Suicide is a statewide and national public health crisis impacting people of all ages across all socioeconomic, racial and ethnic backgrounds. Suicide awareness is key to saving lives, and with September recognized as Suicide Prevention Awareness Month, NCDHHS remembers those affected by suicide and is raising awareness of treatments and resources available to everyone in the community. In 2022, 1,539 North Carolinians ages 10 and older died by suicide, making it the ninth-leading cause of death in the state and the second-leading cause of death for people between the ages of 10 to 40. NCDHHS has been leading the work on one of the state’s largest resources for suicide prevention: 988. This three-digit suicide and crisis lifeline connects people via call, chat or text to a trained counselor who will listen, offer support and provide community resources 24 hours a day, 7 days a week. Call or text 988, or chat at People who speak Spanish can now connect directly to Spanish-speaking crisis counselors by calling 988 and pressing option 2, texting “AYUDA” to 988, or chatting online at or  
How to Manage Recovery in College
In honor of Collegiate Recovery Programs (CRPs), NCDHHS' Division of Mental Health, Developmental Disabilities, and Substance Use Services will host a webinar to address the growing need for behavioral health care among young adults, and the beneficial impact of CPRs for college students in recovery from substance use disorders on Sept. 21 from 1 to 2 pm. CRPs have been in existence for more than 40 years. They were developed in response to the growth in drug and alcohol use among adolescents and young adults, the risks posed to students while on campus and the unique needs of students in recovery. CRPs provide services and educational opportunities in a supportive environment, as well as promote personal accountability while attending a public or private college or university. Register for the event and see a flyer for more information.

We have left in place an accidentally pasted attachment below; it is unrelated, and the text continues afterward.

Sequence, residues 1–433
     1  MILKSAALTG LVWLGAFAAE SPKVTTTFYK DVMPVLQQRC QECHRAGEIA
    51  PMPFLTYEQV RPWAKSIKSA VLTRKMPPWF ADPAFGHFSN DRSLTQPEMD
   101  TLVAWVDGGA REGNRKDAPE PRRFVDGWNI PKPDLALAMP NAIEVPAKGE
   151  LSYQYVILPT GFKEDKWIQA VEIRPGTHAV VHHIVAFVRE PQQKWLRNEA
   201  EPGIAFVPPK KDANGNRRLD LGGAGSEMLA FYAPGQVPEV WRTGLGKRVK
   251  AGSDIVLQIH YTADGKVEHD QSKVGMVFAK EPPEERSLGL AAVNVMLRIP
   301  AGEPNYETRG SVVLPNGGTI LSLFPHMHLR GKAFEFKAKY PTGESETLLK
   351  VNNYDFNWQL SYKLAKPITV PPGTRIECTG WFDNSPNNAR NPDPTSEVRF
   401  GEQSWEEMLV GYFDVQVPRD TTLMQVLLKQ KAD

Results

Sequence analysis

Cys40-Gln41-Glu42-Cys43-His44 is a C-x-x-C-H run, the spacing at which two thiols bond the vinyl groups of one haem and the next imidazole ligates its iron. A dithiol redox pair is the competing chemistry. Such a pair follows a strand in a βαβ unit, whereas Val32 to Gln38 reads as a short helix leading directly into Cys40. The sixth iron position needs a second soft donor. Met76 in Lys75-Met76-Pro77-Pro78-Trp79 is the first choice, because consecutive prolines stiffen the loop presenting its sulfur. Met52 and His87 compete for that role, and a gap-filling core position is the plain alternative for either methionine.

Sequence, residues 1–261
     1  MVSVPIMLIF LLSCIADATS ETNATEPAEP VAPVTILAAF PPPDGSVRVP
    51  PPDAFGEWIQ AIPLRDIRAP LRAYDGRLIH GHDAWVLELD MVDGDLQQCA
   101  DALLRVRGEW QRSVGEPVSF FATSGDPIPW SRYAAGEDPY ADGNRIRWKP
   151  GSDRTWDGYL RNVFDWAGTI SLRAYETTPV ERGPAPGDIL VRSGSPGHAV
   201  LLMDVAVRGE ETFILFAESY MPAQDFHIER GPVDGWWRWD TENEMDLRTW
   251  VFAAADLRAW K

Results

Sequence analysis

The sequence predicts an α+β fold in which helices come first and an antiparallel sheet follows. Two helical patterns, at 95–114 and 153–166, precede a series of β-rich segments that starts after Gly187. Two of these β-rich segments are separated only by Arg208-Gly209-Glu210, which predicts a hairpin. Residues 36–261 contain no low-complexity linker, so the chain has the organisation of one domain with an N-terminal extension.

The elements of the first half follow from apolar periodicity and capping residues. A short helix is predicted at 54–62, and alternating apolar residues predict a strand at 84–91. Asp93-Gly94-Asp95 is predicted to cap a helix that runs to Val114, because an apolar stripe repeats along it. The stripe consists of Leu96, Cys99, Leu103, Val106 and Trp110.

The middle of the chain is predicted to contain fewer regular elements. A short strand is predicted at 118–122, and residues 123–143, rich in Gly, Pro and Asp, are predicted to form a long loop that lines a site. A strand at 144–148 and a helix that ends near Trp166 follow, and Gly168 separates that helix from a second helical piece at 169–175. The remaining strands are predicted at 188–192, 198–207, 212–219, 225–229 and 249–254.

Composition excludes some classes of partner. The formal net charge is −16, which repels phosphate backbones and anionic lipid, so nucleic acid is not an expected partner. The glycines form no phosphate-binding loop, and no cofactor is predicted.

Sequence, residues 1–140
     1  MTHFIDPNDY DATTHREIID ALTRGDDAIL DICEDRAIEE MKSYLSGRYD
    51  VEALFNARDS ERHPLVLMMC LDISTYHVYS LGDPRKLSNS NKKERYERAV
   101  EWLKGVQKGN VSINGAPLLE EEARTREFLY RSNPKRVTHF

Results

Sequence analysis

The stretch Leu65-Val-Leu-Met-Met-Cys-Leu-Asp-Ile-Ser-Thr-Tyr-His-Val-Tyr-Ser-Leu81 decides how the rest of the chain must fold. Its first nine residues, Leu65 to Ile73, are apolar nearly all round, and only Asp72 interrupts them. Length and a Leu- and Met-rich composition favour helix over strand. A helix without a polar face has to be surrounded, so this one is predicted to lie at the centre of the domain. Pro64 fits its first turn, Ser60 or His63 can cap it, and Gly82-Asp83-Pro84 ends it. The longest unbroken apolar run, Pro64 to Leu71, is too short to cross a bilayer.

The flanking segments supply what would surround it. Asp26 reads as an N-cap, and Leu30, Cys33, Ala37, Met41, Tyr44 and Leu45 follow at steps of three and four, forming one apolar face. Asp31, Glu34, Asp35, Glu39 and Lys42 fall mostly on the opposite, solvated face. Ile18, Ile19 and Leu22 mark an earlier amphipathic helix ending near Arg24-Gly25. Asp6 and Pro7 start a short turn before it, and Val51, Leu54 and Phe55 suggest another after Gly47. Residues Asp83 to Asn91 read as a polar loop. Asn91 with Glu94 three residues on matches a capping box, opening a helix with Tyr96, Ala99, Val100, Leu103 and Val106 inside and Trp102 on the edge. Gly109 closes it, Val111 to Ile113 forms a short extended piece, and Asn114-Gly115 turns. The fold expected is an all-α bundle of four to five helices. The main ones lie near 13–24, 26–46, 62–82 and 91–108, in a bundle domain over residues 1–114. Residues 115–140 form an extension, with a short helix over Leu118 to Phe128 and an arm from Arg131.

Program Launched to Eliminate Exposure to Lead and Asbestos
NCDHHS, in partnership with the NC Department of Public Instruction (NCDPI) and RTI International, announced that the Clean Classrooms for Carolina Kids™ program is ready to help public schools, licensed child care centers and family child care homes identify and eliminate exposure to lead and asbestos hazards in building infrastructure. The program is an expansion of Clean Water for Carolina Kids™, which previously tested all child care centers in the state for lead in water at drinking and food preparation taps. Lead and asbestos are known health hazards with no safe level of exposure. Public school facilities will be contacted by the NCDPI, while licensed child care centers and family child care homes will be contacted by NCDHHS' Division of Child Development and Early Education when it is time to enroll, beginning this month. In total, $150 million of American Rescue Plan Act funding was allocated by Gov. Cooper and approved in the legislative budget. The program funding will be available until Nov. 30, 2026.
Four Steps for Food Safety
September is National Food Safety Education Month and NCDHHS is raising awareness about common foodborne illnesses and steps you can take to prevent them. According to the CDC, there are approximately 48 million cases of foodborne illness each year across the U.S., affecting one in six Americans. Common foodborne pathogens include Salmonella, Escherichia coli (E. coli), Norovirus and Listeria, and symptoms of food poisoning may include diarrhea, stomach pain or cramps, nausea, vomiting and/or fever. NCDHHS recommends four steps you can take to prevent foodborne illness. 1) Clean. Always wash your hands for 20 seconds with soap and warm water and wash utensils, cutting boards and countertops. 2) Separate. It is important to prevent cross-contamination whenever you are handling different food items3) Cook. Cooking all foods to the proper temperature is an important step in preventing foodborne illness. 4) Chill. It is important to refrigerate and store leftovers promptly and avoid leaving food sitting out whenever possible. Learn more about foodborne illness at NCDHHS' Division of Public Health or on the CDC's website.
Competitive Integrated Employment Lunch and Learn
Don't miss a Lunch and Learn about supporting people with Intellectual and Developmental Disabilities and Traumatic Brain Injury to gain Competitive Integrated Employment (CIE) on Sept. 20 from noon to 1 p.m. You can register here. Learn more about CIE on the NCDHHS website
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Roy Cooper, Governor  |  Kody H. Kinsley, Secretary